Final lunge for the medal races
The wind today was similar to yesterday with a reasonably stable moderate southerly breeze that died off half way through the second race. But the summery conditions had given way to a more autumnal hue: more chilly and with the sky overcast.
Common to both the Men’s and Women’s fleets is that the Gold medal position tomorrow is looking reasonably secure. In the Women, it is of course the unshakable, consistent Dutch duo of Lisa Westerhof and Lobke Berkhout, who today posted a 6-1, and still hold an eighth as a discard. After today’s racing they are now 14 points ahead of the Junior World Championship winners from Spain, Tara Pacheco and Berta Betanzos, on 48 points and third placed Ingrid Petitjean and Nadege Douroux from France on 54.
The top performance of the day was that of the young Spanish crew Pacheco and Betanzos, who after scoring two seconds, climbed up from fourth this morning to second, swapping places with Italy’s Giulia Conti and Giovanna Micol.
“In the first race it was really good,” said Pacheco, who heralds from the Canary Islands and who’s performance is impressive, despite being only 20. “We didn’t have a good start but we took some shifts and we stayed in the top 10. After that we always went up and that was nice.”
It being so early in her Olympic career, Pacheco gives the impression she is feeling less pressure on her than her more experienced rivals. “When we went into the water we knew we had to only sail and have fun. That was what we did - have fun and work hard in the boat. Other people have other pressure. I am happy staying in the top 10. I don’t mind if tomorrow I lose.”
Equally pleased with her performance and that of her crew Isabelle Kinsolving Farrar was US Sailing Team Alphagrapics’ Eric Maxwell, the reigning World Champion, who scraped into tomorrow’s medal race, just one point ahead of Argentinians Maria Fernando Sesto and Consuelo Monsegur.
Like so many here who represented their respective countries in Beijing last year, Maxwell and her crew have taken a break from sailing over these last months. “I think that each day we’ve been becoming a bit more confident and our boat handling has been getting better and we’ve been coming together as a team, having not sailed a lot this season,” said Maxwell. “We just knew we had to get it done and today was the day to put it all on the line and show everyone what we have and have a good event.”
In terms of race course specifics, with the wind from the south, the right side of the course was paying as there seemed to be not only more relief from the current there, but also better pressure. The Americans played this best and were able to win today’s first race, following this up with a ninth.
As to getting into the medal race, Maxwell commented: “At the start of today I knew it was a possibility but I gave ourselves a 40% chance of making it. I knew we were sailing better and we were starting to feel more confident and feel a little greased. I knew it would be an uphill battle – the points were stacked against us, we were 13 points out of 10th at the start of the day and teams in front of us are all good teams. We knew that given the forecast they were all good teams in that wind velocity and unless we sailed our absolute best we weren’t going to make it.” But make it, they did.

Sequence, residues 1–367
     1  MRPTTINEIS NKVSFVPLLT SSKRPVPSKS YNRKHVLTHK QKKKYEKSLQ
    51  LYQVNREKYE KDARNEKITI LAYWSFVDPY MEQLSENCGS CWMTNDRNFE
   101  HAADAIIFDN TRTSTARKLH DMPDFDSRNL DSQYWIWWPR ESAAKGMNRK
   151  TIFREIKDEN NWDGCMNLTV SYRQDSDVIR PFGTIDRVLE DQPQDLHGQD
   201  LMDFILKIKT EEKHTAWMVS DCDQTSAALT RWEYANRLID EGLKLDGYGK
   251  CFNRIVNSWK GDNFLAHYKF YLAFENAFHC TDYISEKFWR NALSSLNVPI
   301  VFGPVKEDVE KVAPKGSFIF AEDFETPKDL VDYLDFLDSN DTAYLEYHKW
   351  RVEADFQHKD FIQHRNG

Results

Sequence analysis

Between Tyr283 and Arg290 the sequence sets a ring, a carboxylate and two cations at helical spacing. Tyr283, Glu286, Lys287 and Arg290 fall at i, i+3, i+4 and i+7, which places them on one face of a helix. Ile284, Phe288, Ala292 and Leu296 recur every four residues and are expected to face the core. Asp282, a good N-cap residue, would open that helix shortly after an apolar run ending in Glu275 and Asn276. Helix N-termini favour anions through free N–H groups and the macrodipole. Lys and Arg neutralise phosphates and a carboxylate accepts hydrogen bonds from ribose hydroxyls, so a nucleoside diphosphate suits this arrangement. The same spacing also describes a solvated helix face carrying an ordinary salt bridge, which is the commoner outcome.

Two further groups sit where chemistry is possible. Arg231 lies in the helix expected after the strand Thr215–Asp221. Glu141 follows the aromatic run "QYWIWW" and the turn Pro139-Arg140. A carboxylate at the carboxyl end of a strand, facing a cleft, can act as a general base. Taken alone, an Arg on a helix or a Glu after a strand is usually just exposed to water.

But the biggest high jumpers today were once again the Greeks, Panagiotis Mantis and Kagialis Paulos, who in the high scoring men’s fleet posted a 2-9 today, causing them to soar from 17th to 10th, earning themselves a place on tomorrow’s elite starting grid. Just 48 hours ago they were 30th.
“We are very happy,” said Mantis. “We hoped conditions would be the same and we could make the same sailing as yesterday. Conditions were pretty much the same. We had good starts in both races and good upwinds, so we were in the top ten in both races. We just wanted to get into the top 10 – that was our goal from the start of the Championship.”
The Argentinians Luca Calabrese and Jean de la Fuente also squeezed into tomorrow’s medal race, having started the day in 12th and ending it four points ahead of the Greeks, at the expense of New Zealand’s Paul Snow-Hansen and Jason Saunders who plummeted eight places today.
Another successful day on the water, while all the top men’s team suffered with the exception of the young French crew of Pierre LeBoucher and Vincent Garos and yesterday’s British stars Luke Patience and Stuart Bithell, has seen Croatia’s Šime Fantela and Igor Marenic gain a near unassailable 16 point lead among the Men.
“It was another amazing day,” said Marenic. “Today we had two almost perfect starts on the right side, by the committee boat. Then we tacked almost immediately and we were in the top on the right side in both races and the right side was winning except the second upwind of the first race. But all in all we were always in the top today and the second race we won with an excellent downwind leg. So we are now confident for tomorrow.”
As to whether they expected they would be in this position, the World Championship all but won for them, Marenic admitted that after their recent European Championship win they knew they were on top form, but they didn’t expect to be leading here in Denmark.
“After our fourth in the first race we knew we still had a good discard and we thought we could risk more so we risked a bit on the start," said Marenic. "We must have been very close to OCS and it paid off.” They, like the Women’s leaders, won the second race today.
While the Croats’ lead is looking comfortable, the fight for the remaining podium spots is anything but, with two points separating the second to fourth placed boats going into the Medal race.